IFS - New proposals for council funding formula would hit deprived areas
The Ministry of Housing, Communities and Local Government (MHCLG) is seeking views on the approach to measuring the relative needs and resources of local authorities. This consultation will close on 21 February 2019. IFS researchers Neil Amin-Smith, Tom Harris and David Phillips have submitted evidence.
Their analysis suggests proposals by the government to base assessments of councils’ needs for spending on services like homelessness prevention, public transport, waste collection, libraries, and planning on population only would shift funding from councils serving deprived areas to those serving more affluent areas. The government had previously suggested that deprivation could be included as a factor in the spending needs formula for these services.
In its consultation, the government says the fact that differences in population statistically explain the vast majority of variation in councils’ overall spending on these services justifies its new proposals. However, this is in fact a poor justification. Population varies so much between councils (e.g. less than 40,000 in Rutland and more than 1.5 million in Kent) that it is inevitable that population will explain the bulk of variation in councils’ overall spending, even if factors like deprivation are significant drivers of variation in spending needs per person.
A response to the government’s consultation by IFS researchers shows:
- Moving to a population-only formula for these services would likely hit councils in inner London, and most other major urban areas like Manchester, Birmingham, Newcastle, Bristol, Kingston-upon-Hull, where deprivation tends to be concentrated.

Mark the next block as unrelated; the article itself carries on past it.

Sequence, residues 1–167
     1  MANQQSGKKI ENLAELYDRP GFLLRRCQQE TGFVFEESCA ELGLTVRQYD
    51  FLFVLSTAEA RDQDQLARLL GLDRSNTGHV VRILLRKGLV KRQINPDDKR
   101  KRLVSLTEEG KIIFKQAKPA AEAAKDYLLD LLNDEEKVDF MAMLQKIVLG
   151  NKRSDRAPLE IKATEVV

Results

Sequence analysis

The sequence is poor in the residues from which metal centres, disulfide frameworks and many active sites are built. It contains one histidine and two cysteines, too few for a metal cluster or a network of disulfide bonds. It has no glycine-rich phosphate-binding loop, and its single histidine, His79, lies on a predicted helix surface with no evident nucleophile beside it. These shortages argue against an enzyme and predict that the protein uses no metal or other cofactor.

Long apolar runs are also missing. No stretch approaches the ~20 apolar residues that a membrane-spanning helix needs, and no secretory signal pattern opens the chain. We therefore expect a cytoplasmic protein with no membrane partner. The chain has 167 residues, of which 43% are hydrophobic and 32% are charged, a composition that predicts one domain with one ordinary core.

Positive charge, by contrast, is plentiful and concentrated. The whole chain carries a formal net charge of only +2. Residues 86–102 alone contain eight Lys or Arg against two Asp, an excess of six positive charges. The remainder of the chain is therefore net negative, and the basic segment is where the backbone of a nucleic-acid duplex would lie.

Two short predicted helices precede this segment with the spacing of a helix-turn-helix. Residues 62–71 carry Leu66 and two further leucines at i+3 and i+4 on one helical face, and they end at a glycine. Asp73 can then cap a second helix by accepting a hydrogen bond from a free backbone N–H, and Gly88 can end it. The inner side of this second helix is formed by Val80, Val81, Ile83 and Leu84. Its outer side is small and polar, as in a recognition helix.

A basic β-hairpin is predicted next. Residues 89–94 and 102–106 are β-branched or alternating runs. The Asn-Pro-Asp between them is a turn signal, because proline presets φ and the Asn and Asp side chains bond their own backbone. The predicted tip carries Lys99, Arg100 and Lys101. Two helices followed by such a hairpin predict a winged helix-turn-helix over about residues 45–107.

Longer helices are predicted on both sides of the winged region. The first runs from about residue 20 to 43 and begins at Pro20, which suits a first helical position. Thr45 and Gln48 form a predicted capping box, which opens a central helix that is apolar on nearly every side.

- Compared to a formula accounting for deprivation, it would also likely hit some of the more deprived counties such as Cornwall, Lancashire and County Durham, albeit to a lesser extent.
- Conversely, it would benefit most other shire counties, especially in the South East of England, as well as large parts of suburban outer London.
While many other proposals in the consultation are sensible, it is unclear why the government proposes to account for population growth when assessing spending needs, but not when assessing revenue-raising capacity.
This would mean fast-growing councils gain twice over – both by being allocated more money by the government and allowing to keep the extra tax revenues they raise. Implicitly this means councils with slower growth (or declines) in population losing out. This does not appear sensible unless the government wants to reward and incentivise population growth and housing development – on top of existing schemes (such as the New Homes Bonus) already in place. If this is the case, the government should be explicit about this.
David Phillips, Associate Director at the IFS, said: “Many of the government’s proposals on assessing councils’ needs and revenue-raising capacities are eminently sensible. However, the statistical analysis it cites to justify not including deprivation in the funding formula for many key services does not stand up to full scrutiny.
It is too early to say what the overall impact of the so-called Fair Funding Review will be on different councils – many elements like formulas for social care services (a big chunk of spending) are yet to be published. But if the government does go ahead with plans to base the needs formula for services like homelessness, public transport and libraries on population only, our analysis suggests deprived councils will lose out.”
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